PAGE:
Jai Ranganathan on architecting big data applications in the cloud

The O’Reilly Data Show podcast: The Hadoop ecosystem, the recent surge in interest in all things real time, and developments in hardware.

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Given the quick pace of innovation in the data ecosystem, we like to take a step back from the details of individual components, architecture, and applications, in order to take a wider view of the landscape of big data. This allows us to evaluate the progress of technology and infrastructure along the way, shifting our attention from the details of individual components like Spark and Kafka, to larger trends.

Some of the larger trends we’ve been exploring include the capabilities of distributed machine learning and the tradeoffs and design decisions involved in cloud architecture and stream processing.

In this episode of the O’Reilly Data Show, I sat down with Jai Ranganathan, senior director of product management at Cloudera. We talked about the trends in the Hadoop ecosystem, cloud computing, the recent surge in interest in all things real time, and hardware trends:

Large-scale machine learning

This sounds a bit like this should already exist in really good form right now, but one of the things that I’m really interested in is expanding the set of capabilities for distributed machine learning. While there are systems out there today that do do this, I think relative to what you can experience from a singular environment learning scikit-learn or R, the set of things you can do in a distributed fashion is limited. …  It’s not easy to distribute various algorithms and model-building techniques. I think there is still a lot of work for us to do to improve that experience. … And I do want to have good open source options like MLlib. MLlib may be the right answer. I would be perfectly happy if that’s the final answer, but we do need systems just to provide the kind of depth that you typically are used to in the singular environment. That’s just a matter of time and investment because these are non-trivial problems, but they are things that people are working on.

Architecting data applications in the cloud

There are some fundamental design principles behind the original HDFS implementation, which don’t actually work in the cloud. For example, this notion that data locality is fundamental to this system design; it starts changing in the cloud when you’re looking at these large cloud providers — they are doing all these software-defined networking tricks and they can do bisectional bandwidth, like 40 gigs per second, across their data center … suddenly, you’re talking about moving hundreds of terabytes of data back and forth from a storage to a compute layer without any huge performance penalties. Suddenly, their performance is disadvantageous to this, but it’s not as bad as you think. Some of the core design principles in Hadoop have to change when you think about this kind of new data center design. … The cloud part is really interesting, but really what to me is interesting is there’s a fundamental shift in the way data centers are being designed, which we have to make sure that Hadoop stays designed to capitalize on.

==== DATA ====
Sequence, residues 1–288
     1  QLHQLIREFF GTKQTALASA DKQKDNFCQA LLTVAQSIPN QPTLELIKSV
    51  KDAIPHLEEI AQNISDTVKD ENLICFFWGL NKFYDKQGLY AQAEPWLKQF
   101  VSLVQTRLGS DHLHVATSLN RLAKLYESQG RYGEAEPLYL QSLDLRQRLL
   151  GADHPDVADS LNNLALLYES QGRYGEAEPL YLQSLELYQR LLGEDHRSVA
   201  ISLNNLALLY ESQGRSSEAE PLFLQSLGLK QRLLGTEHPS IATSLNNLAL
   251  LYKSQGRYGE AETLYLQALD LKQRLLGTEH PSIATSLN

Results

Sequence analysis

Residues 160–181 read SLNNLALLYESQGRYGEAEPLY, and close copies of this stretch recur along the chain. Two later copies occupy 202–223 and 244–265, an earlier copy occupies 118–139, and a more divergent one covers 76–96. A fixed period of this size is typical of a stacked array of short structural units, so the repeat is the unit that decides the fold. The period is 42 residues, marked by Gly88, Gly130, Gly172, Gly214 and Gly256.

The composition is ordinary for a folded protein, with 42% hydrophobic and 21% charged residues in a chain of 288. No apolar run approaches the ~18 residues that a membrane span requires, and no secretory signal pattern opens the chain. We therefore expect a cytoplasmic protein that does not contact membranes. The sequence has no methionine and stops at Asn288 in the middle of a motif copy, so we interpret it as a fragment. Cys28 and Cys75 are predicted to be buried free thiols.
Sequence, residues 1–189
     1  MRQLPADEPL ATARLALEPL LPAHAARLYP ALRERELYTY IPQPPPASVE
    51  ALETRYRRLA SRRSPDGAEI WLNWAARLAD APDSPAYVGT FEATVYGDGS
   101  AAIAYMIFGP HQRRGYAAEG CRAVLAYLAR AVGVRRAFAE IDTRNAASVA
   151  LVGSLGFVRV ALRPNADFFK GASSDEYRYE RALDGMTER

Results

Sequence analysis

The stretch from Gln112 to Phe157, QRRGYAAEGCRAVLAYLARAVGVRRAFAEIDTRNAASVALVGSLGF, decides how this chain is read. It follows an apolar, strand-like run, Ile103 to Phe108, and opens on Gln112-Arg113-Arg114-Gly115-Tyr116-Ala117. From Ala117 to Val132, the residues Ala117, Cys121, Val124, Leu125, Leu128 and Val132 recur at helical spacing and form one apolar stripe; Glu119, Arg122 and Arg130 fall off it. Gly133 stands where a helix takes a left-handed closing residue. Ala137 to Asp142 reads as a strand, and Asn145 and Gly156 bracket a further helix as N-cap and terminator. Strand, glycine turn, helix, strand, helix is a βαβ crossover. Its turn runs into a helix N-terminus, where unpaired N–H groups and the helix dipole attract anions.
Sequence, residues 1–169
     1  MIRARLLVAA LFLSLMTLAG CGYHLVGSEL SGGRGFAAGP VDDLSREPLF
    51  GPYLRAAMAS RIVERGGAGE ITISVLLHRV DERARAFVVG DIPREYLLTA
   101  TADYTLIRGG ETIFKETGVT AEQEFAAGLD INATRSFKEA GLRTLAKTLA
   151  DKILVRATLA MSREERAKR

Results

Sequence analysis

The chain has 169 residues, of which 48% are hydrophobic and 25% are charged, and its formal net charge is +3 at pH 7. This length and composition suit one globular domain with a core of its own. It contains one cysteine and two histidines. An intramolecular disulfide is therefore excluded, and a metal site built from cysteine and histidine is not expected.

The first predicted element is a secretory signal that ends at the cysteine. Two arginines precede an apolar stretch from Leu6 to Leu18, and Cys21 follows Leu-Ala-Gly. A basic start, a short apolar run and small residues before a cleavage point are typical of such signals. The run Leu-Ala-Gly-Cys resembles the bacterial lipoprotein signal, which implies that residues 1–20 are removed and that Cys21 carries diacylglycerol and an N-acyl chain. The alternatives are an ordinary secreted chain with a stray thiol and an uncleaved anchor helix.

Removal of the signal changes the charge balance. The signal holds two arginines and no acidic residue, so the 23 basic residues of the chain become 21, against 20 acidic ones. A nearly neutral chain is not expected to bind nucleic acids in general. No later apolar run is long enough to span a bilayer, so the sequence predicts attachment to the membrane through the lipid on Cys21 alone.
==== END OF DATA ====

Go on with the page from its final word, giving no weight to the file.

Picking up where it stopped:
A lot of the work we do on the cloud is to optimize working with these object stores effectively. Obviously, you still need some local storage for things like spill, but that’s not really the same as a distributed file system. Then, it’s really a question of getting all the frameworks to run really effectively against an object store.

Paying attention to hardware trends

When I joined Cloudera, a customer who was going crazy and buying the most expensive hardware was buying 64 gigabytes of RAM. On that 64 gigabytes of RAM, they also had 12 disk spindles with two terabytes each and 24 terabytes of disk. At this point, today, many of my customers buy 246 gigabytes of RAM or even potentially 384 gigabytes to 512 gigabytes of RAM. The amount of disk is still exactly the same. Because disks don’t spin faster and you still want a certain level of throughput, you’re still looking at 24 terabytes of disk in your machine. Already in just two years, we have seen it go from 64 to 512, potentially. I don’t think this trend is going to stop, and we are suddenly going to be looking at, within three years, one-terabyte RAM machines.

What we’re finding is that in a lot of the things we do at Cloudera, like Kudu or Impala, fundamentally, we really care about wringing performance out of the CPU. A lot of this will be like, ‘can I do vectorize operations?’ and ‘can I make sure to take advantage of my L2 cache mode effectively?’ because that allows my CPU to spend more efficiently. It really changes the bottleneck from the I/O subsystem to the CPU subsystem, and everything you can do to eke out performance there really matters. … Project Tungsten is basically in the Spark community to do more CPU-efficient things, whether that’s vectorizing stuff, whether that’s actually effectively moving away from managed memory to managing by buffers, so you can actually have much more efficient handling of memory, so you can get better CPU efficiency as well.

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